I am curious how the Iowa High School Athletic Association is going to respond. Their current start date for high school football practice is August 10th, three full weeks before the earliest possible first day of school. Their current date for the first football game is August 27th, the Friday before the earliest possible first day of school.
I am also curious how Iowa's Community Colleges and Regent Universities are going to respond. There are thousands of Iowa high school students who are dual enrolled in post-secondary institutions earning college credit while still in high school. Currently, the Des Moines Area Community Colleges will start on August 20th, seven school days before the earliest possible start date for Iowa schools. Iowa State University is scheduled to start on August 24th, five school days before the earliest possible start date for Iowa schools. How will this later start date effect these students?
I am curious how this impacts students in Advanced Placement classes across the state of Iowa. The College Board sets national dates for taking AP exams. For the 2014-2015 school year, exams are set for May 4-8 and 11-15, 2015. District start dates for the 2014-2015 school year ranged from August 11th to September 2nd. If districts were forced to start as late as September 2nd this year, they would miss out on up to three weeks of possible instruction prior to the AP exams. Is this a "significant negative educational impact" that the state law requires?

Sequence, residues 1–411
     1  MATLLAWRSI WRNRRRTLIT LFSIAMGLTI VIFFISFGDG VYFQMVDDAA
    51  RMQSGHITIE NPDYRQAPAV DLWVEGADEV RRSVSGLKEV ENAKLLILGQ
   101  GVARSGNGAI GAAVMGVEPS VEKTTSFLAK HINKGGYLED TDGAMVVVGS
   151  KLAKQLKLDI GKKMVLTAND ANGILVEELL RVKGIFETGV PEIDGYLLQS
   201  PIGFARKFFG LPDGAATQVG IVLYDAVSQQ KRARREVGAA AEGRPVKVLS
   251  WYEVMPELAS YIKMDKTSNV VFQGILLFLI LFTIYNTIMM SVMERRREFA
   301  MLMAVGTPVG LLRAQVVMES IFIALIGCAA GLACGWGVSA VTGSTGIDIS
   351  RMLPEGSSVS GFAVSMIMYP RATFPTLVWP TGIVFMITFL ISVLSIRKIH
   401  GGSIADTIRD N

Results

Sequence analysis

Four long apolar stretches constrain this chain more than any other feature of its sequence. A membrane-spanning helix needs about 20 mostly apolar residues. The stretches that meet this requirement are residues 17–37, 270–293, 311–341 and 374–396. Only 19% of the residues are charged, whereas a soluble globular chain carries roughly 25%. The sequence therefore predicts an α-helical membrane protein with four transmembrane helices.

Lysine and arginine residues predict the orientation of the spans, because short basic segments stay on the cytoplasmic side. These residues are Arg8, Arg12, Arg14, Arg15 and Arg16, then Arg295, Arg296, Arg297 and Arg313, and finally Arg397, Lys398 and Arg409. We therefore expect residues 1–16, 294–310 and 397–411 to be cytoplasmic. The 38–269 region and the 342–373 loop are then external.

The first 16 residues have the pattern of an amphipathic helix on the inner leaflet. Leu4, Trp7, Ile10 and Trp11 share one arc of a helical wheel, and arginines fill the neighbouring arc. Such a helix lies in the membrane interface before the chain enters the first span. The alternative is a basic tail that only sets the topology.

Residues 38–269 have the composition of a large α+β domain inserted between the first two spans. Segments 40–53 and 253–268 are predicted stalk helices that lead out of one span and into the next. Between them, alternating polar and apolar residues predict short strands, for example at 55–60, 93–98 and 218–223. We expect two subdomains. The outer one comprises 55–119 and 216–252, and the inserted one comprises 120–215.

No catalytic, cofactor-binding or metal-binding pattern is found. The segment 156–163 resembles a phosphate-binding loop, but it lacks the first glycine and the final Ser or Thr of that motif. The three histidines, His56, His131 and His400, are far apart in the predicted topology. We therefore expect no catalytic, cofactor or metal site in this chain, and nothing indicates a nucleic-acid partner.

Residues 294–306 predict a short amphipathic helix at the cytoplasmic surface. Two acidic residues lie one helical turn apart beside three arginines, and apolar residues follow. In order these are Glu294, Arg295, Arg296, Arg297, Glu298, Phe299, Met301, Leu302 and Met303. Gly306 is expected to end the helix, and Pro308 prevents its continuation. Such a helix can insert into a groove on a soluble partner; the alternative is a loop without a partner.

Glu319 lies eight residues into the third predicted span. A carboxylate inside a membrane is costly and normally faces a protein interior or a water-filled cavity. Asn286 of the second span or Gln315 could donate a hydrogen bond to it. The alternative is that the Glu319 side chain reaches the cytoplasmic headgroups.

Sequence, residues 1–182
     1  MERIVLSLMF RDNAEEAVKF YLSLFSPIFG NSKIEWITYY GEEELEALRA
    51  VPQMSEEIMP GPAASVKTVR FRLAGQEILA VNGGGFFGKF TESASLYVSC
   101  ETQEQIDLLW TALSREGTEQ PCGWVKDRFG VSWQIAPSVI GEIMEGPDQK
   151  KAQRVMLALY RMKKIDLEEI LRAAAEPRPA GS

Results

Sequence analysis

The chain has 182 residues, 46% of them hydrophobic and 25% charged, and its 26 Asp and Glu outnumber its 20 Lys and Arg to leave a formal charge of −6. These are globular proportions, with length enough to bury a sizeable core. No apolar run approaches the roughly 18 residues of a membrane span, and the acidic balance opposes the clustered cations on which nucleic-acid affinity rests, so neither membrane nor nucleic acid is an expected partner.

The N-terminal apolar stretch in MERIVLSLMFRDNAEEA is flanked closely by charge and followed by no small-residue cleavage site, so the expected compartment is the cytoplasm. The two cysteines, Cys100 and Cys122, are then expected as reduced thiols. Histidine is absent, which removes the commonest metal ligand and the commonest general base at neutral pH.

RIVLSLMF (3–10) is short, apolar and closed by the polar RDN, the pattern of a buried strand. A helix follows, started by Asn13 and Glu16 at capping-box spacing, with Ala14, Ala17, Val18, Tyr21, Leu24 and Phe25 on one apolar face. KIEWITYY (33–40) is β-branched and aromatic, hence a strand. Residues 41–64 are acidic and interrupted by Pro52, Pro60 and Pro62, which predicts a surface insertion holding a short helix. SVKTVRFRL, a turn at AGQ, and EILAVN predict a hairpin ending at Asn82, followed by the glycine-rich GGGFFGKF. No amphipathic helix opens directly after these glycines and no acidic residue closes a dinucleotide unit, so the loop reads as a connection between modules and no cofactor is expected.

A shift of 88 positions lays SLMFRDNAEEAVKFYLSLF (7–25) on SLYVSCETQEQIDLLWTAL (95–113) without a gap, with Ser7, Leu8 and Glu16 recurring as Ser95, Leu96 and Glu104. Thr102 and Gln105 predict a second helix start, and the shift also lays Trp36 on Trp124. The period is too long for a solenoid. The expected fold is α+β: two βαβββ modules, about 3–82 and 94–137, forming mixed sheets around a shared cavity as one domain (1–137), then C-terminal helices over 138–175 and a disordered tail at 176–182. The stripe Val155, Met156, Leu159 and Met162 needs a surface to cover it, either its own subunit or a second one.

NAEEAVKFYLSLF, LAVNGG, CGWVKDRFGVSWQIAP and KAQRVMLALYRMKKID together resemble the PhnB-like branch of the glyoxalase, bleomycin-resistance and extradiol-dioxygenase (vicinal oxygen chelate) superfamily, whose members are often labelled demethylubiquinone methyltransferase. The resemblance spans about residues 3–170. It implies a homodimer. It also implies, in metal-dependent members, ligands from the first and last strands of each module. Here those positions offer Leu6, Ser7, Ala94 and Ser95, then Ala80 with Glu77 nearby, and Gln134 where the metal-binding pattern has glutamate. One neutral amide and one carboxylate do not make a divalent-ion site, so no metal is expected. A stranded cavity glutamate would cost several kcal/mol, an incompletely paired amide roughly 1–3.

The response in the comment sections of the various news sources shows that we as educators have much to do in the way of educating the general public about what we do. There is a lack of understanding about the professional development requirements teachers and school districts have. A higher importance is being placed on students being able to attend their grandparents anniversaries than attending school. I am curious how many students participated in 4-H, FFA, and other Iowa State Fair activities as a percentage of the total students in Iowa. I am curious how many families missed school or chose not to take a late August vacation because of the early start date, again as a percentage of the total students in Iowa. How many students were seasonal employees that couldn't work in late August as a percentage of the total students in Iowa?
Again, I am not against having to start as late as September 1. Nor am I against the Iowa State Fair or any of the activities with which our students are associated. I just fear that our Governor and Director of Education have made rash decisions based on the voices of a vocal minority with deep pockets. What is this going to mean for our students?